^ Died on 17 April (18 October?) 1679: Jan van Kessel II, Antwerp, Flanders, still life and flower Baroque painter and draftsman, baptized as an infant on 05 April 1626, sometimes designated as Jan van Kessel I, because he was the first painter of that name. But the real Jan van Kessel I was his grandfather, a draper. The father of Jan van Kessel II was the painter Hieronymus (= Jeroom) van Kessel [06 Oct 1578 bapt. – 1636+]. David Teniers the Younger [15 Dec 1610 – 25 Apr 1690] was the uncle-in-law of Jan van Kessel II, having married in 1637 his mother's sister Anna Brueghel. The Dutch landscape artist Jan van Kessel [1641 – 24 Dec 1680] was apparently unrelated.
— Jan van Kessel II began his training as a painter in 1635 with Simon de Vos [28 Oct 1603 – 15 Oct 1676] and was also taught by his uncle Jan Breughel II [13 Sep 1601 – 01 Sep 1678]. In 1645 he was registered in the Antwerp Guild of Saint Luke as a flower painter, but he also depicted, in both oil and watercolor, animals, birds, fish and insects, as well as a variety of still-life subjects. He continued the traditions of his maternal grandfather, Jan I “Velvet” Brueghel [1568 – 13 Jan 1625], and was also influenced by Daniel Seghers [05 Dec 1590 – 02 Nov 1661]. Van Kessel painted garlands and bouquets of flowers, but is best known for small, jewel-like pictures, often on copper, of insects or shells against a light background, executed with strong color and great exactitude.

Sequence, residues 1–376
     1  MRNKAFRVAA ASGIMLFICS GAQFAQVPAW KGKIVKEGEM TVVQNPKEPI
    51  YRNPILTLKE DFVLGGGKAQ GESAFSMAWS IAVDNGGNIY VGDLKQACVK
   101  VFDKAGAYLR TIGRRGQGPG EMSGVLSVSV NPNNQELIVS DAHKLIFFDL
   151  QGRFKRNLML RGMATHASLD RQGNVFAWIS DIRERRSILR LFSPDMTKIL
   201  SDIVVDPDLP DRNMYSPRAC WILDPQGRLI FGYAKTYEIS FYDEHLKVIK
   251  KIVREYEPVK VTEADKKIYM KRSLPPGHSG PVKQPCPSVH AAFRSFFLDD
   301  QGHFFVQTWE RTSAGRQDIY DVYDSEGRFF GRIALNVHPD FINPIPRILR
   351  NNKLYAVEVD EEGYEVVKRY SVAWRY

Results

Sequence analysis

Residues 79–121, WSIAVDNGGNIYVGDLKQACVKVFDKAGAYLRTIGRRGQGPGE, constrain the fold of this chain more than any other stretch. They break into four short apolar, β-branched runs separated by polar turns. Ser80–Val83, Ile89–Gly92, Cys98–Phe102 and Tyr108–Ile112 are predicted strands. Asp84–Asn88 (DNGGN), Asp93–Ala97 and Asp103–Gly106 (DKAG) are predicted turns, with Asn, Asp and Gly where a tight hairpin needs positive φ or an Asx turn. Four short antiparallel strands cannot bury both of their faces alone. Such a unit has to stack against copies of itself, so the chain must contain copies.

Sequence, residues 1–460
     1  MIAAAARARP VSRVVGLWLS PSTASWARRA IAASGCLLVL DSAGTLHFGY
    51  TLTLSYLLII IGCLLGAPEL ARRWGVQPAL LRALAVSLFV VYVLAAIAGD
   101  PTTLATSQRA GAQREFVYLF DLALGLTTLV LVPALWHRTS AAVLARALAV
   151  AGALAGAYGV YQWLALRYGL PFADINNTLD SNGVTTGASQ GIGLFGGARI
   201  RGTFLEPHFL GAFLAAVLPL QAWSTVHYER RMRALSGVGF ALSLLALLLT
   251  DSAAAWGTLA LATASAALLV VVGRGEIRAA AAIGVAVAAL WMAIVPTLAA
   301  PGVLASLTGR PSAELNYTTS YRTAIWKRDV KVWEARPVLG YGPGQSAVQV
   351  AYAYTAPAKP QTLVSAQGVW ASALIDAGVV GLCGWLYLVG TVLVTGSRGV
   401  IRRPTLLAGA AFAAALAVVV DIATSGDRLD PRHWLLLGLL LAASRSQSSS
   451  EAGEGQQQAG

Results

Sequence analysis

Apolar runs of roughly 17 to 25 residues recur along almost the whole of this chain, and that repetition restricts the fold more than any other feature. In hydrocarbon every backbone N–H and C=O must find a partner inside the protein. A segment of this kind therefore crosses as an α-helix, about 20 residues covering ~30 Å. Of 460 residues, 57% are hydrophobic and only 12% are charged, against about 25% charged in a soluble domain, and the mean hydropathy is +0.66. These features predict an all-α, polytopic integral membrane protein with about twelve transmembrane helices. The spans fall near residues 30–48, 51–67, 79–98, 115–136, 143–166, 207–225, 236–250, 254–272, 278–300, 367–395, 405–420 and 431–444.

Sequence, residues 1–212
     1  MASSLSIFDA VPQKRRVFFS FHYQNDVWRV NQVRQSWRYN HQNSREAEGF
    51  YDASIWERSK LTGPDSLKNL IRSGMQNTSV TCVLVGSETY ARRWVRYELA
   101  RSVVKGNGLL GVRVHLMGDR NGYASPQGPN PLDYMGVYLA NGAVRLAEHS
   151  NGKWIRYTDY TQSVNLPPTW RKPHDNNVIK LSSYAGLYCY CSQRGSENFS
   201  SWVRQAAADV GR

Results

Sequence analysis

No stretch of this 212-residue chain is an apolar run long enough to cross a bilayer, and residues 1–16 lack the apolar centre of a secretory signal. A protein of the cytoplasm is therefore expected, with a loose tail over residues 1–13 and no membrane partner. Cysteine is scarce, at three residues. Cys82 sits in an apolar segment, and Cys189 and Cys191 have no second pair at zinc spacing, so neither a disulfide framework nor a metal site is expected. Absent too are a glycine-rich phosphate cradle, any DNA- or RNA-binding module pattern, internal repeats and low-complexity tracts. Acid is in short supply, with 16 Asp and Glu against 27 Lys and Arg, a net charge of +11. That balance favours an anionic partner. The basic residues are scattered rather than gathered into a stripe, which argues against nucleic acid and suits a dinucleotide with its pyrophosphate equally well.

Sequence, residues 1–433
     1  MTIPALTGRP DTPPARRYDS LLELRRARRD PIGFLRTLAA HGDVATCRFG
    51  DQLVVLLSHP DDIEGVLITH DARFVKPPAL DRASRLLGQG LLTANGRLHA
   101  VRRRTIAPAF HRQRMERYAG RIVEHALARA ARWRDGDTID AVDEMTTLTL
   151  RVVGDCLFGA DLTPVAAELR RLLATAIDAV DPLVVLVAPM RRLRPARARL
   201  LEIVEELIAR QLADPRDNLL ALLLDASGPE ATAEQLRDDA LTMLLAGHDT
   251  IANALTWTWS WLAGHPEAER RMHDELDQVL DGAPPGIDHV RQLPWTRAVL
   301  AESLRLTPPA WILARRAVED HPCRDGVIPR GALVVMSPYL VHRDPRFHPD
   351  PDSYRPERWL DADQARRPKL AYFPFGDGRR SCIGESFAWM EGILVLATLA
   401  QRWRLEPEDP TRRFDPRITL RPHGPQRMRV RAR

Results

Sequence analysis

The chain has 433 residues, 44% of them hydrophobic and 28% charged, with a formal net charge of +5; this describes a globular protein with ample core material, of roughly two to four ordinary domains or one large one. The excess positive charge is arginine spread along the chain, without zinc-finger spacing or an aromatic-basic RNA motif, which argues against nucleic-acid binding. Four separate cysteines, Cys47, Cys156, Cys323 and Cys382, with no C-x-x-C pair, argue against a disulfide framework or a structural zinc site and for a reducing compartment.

Jan II taught two of his seven sons to paint, Ferdinand van Kessel [07 Apr 1648 – 1696], who painted in the style of his father, and Jan van Kessel III [1654-1708] (aka, erroneously, Jan van Kessel II)., who followed in the portrait tradition of his grandfather.

Insects and FruitInsects (1660; 600x864pix _ ZOOM to 1400x2016pix)
The Animals (1660, 175x123cm) _ This triptychon contains 40 sections (17x23cm each). The animals are placed in a setting (Netherlandish, mountainous, exotic) corresponding to the species. (8 rows of 5 separate pictures each, tiny in the reproduction)
The Mockery of the Owl (170x234cm) _ The fully-fledged animal painting emerged in the late 16th century with the rise of biological research and collections of rare creatures. Jan van Kessel in The Mockery of the Owl demonstrates a thorough knowledge of exotic animals. The artist uses a narrative subject as a vehicle for painting his animals.